Our new paper on “Impact melt- and projectile-bearing ejecta at Barringer Crater, Arizona” has been published in the journal Earth and Planetary Science Letters. In this paper we describe evidence of projectile-bearing impact breccias in the ejecta blanket of Barringer Crater for the first time. We also provide evidence for the melting of carbonates during the Barringer impact event. The abstract is below:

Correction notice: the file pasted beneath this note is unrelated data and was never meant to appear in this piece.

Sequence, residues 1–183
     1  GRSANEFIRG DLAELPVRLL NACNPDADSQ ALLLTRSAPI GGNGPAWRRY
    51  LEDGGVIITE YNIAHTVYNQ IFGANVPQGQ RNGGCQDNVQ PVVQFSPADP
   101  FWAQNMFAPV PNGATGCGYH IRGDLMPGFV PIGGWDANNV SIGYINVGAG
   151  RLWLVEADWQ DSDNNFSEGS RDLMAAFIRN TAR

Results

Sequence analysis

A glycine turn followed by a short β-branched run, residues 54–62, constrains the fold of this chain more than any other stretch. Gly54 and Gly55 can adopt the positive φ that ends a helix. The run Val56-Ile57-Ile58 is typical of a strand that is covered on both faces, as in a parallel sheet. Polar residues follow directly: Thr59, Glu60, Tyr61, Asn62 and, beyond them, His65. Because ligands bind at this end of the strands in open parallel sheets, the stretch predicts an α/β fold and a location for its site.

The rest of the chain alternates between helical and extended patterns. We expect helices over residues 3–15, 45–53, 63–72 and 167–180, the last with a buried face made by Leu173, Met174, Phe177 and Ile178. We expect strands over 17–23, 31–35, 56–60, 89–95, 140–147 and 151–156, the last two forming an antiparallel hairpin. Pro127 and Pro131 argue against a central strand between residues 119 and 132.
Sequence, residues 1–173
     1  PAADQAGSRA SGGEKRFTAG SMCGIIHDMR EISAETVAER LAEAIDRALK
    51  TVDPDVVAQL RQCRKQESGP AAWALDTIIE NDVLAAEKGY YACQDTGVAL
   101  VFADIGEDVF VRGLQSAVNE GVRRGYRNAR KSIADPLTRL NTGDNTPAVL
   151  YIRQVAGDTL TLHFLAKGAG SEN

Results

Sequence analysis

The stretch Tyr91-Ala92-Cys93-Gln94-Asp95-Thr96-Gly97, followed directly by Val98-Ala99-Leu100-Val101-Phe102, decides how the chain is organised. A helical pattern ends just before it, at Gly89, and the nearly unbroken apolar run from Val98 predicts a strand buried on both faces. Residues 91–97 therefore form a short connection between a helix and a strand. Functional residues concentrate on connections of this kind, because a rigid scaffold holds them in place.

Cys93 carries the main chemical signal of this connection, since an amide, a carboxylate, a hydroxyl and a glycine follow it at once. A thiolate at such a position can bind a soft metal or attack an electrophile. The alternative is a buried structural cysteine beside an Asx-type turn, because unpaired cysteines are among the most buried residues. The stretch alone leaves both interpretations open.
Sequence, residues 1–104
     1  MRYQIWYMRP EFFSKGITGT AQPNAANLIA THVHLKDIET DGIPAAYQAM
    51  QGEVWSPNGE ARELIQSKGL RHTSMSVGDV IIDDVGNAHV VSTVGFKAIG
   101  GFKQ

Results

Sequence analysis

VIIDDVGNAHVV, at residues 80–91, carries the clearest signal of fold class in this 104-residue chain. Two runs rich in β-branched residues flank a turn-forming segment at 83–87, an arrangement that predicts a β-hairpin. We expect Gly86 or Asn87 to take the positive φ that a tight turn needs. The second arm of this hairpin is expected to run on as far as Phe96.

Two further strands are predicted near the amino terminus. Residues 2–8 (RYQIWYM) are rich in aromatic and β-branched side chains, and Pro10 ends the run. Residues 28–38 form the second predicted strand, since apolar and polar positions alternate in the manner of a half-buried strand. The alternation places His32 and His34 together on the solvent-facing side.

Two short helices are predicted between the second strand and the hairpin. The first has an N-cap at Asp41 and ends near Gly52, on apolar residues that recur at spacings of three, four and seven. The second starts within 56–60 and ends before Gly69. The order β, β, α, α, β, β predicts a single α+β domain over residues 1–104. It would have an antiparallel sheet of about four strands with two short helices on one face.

Our understanding of the impact cratering process continues to evolve and, even at well-known and well studied structures, there is still much to be learned. Here, we present the results of a study on impact generated melt phases within ejecta at Barringer Crater, Arizona, one of the first impact craters on Earth to be recognized and arguably the most famous. We report on previously unknown impact melt-bearing breccias that contain dispersed fragments of the projectile as well as impact glasses that contain a high proportion of projectile material – higher than any other glasses previously reported from this site. These glasses are distinctly different from so-called “melt beads” that are found as a lag deposit on the present day erosion surface and that we also study. It is proposed that the melts in these impact breccias were derived from a more constrained sub-region of the melt zone that was very shallow and that also had a larger projectile contribution. In addition to low- and high-Fe melt beads documented previously, we document Ca–Mg-rich glasses and calcite globules within silicate glass that provide definitive evidence that carbonates underwent melting during the formation of Barringer Crater. We propose that the melting of dolomite produces Ca–Mg-rich melts from which calcite is the dominant liquidus phase. This explains the perhaps surprising finding that despite dolomite being the dominant rock type at many impact sites, including Barringer Crater, calcite is the dominant melt product. When taken together with our estimate for the amount of impact melt products dispersed on, and just below, the present-day erosional surface, it is clear that the amount of melt produced at Barringer Crater is higher than previously estimated and is more consistent with recent numerical modeling studies. This work adds to the growing recognition that sedimentary rocks melt during hypervelocity impact and do not just decompose and/or devolatilize as was previously thought. This has implications for understanding the processes and products of impacts into sedimentary rocks and for estimating the amount of climatically active gases released by impact events.
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